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Holocaust Survivor Gilbert Metz This work has been published in the Teen Ink monthly print magazine.

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   Were you in a concentration camp?

My family was sent to Auschwitz - my mother, father, aunt, and sister. We were herded into cattle cars until there was room for no one else. Then they closed it up and there was only one small hole for air. There was no bathroom, and we were not given water during the four-day trip. Many died from dehydration, but that was only the beginning. My aunt also died on the trip.


Did you lose your mother, father and sister?

When we arrived at the camp, we were given chalk and pencils to write our names on our luggage. We were told we would get it in our new home, that we could live together as a family. Young men under the age of 15, the sick, the elderly, and the women with small children were separated. I used my knowledge of upper-class German to stay with my father, telling them I was 16 rather than 14. I believe that if I had gone with the other group, I would have been gassed that night. My mother and ten-year-old sister died in the gas chamber that night.


What about your father?

My father and I were in the same camp, Auschwitz, but he was eventually sent to Block 14, to be gassed. The people there had to continue working during the day, knowing they were going to be gassed at any time. Through a miracle I was allowed to visit him for ten minutes. I brought him soup and he wanted me to eat it, but I told him I had already eaten, which was a lie. It was hard to say good-bye under those conditions. Then, the next day, Block 14 was empty.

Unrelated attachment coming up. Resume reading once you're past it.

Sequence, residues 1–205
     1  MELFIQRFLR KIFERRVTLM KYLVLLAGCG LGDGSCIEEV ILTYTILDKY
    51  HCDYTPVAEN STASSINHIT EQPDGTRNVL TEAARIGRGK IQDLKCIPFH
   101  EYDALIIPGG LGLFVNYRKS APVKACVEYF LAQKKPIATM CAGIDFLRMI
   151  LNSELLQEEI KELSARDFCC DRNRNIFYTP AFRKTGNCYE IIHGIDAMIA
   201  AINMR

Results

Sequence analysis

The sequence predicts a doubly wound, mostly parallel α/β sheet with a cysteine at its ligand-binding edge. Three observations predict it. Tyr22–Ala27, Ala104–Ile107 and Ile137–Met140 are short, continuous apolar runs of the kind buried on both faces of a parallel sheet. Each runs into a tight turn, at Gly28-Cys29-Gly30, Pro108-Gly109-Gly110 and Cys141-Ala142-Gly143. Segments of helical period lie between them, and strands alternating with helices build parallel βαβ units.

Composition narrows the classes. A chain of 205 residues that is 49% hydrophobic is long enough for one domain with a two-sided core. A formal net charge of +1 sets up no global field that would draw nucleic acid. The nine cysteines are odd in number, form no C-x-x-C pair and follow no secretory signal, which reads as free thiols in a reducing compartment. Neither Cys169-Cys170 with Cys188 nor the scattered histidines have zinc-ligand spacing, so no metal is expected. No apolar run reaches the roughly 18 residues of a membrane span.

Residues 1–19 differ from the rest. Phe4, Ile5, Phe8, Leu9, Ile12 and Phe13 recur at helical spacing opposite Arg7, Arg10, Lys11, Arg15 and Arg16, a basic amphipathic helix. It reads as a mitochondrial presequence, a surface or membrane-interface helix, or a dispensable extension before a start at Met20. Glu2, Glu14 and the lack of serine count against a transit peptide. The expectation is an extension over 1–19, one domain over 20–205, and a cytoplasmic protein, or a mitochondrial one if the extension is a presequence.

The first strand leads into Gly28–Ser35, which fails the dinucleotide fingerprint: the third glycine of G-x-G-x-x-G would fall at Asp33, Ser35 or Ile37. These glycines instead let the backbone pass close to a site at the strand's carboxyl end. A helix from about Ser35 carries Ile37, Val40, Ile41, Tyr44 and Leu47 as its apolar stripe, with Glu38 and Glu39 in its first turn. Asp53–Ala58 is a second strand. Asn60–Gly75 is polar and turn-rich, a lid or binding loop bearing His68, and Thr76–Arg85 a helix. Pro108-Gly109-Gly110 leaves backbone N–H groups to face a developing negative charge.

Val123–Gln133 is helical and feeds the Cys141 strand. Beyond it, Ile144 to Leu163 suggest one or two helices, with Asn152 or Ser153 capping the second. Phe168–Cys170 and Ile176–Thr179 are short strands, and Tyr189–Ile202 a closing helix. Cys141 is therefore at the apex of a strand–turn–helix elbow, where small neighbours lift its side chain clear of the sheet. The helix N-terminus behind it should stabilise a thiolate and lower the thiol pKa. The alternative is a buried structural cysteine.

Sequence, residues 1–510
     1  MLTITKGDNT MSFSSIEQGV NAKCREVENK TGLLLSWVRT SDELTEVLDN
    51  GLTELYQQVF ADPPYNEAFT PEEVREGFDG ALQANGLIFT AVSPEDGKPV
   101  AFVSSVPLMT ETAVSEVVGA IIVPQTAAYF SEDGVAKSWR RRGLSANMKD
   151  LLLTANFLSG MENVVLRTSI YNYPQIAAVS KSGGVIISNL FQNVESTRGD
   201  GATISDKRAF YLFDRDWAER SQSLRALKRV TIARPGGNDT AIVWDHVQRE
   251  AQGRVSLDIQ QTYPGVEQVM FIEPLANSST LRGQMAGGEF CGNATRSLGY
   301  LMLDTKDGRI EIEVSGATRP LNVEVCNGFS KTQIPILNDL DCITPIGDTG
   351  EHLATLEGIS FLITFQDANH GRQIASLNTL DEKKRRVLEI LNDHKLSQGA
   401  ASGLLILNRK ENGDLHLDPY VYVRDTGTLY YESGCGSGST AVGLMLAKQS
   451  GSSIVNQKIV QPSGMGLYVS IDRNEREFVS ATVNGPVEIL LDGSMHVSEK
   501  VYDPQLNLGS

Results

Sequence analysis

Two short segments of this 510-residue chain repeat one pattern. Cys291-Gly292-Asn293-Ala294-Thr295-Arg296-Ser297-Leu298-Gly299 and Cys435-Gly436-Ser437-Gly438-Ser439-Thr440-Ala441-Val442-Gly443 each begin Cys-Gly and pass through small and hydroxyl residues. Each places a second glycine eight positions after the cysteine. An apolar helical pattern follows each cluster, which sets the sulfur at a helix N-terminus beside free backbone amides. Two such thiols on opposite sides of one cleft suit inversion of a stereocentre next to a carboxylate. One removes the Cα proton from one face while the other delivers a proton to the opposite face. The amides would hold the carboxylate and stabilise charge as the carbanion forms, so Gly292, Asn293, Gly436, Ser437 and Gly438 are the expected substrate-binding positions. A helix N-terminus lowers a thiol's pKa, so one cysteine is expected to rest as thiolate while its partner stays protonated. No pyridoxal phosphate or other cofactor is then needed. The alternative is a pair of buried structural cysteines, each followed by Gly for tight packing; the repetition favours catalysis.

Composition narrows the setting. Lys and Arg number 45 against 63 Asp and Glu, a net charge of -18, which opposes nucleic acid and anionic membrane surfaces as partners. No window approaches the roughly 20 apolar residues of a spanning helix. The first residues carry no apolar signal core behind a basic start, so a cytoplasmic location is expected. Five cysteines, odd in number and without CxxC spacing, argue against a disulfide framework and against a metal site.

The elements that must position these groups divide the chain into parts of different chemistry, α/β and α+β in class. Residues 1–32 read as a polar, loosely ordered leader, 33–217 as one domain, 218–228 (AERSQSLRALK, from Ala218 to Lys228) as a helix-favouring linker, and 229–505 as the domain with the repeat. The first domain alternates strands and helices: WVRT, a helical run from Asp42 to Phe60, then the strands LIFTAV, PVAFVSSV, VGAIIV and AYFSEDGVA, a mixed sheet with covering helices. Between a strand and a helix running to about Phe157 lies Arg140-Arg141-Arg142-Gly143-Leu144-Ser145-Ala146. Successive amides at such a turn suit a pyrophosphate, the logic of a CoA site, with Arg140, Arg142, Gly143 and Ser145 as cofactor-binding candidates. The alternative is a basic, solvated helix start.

What is one thing that stayed with you?

You get used to the hunger, but thirst follows you anywhere you go.

One memory that still haunts me is having to drag people to ditches, douse them with gasoline and set them afire. Some were still alive. There were children, babies . . . I still hear their screams. Even after I was married, I would wake up screaming in the middle of the night because I could still see the faces. The death of my father is also an experience that haunts me.


Why did you come to speak to us? You said that you did not speak to middle school students, but you came to our class.

Your teacher sent me your writings. I was so touched. You experienced the Holocaust through your words. They were so full of emotion and depth, I knew you were prepared for my story. Most students do not understand what happened, and you did. Your teacher should be credited with this. She has prepared you well. I'm doing this for one reason only - for the ones who didn't survive.


How did it make you feel, to be treated that way because you were a Jew?

I didn't understand, it was unbelievable, so unreal.


Do you hate those who did this to the Jews?

No, because you don't hate or dislike the Germans today for what their grandparents or parents did. That's just like you don't hate whites for what their great-grandparents did to the slaves.


How do you think you survived?

Shoes were vital for survival in the camp because they kept our feet warm and free of wounds and diseases. Shoes were also beneficial during the hours of labor we performed daily during my two years in concentration camps.

One night, others thought I was dead and threw me out in the snow. When I woke up I went into the barracks and said, "Which one of you SOBs stole my shoes?" I went in and got them back.


What advice would you give teenagers today?

Be tolerant of others, polite, and have ambition. Then you can succeed. Nothing good comes from hatred.



This work has been published in the Teen Ink monthly print magazine. This piece has been published in Teen Ink’s monthly print magazine.




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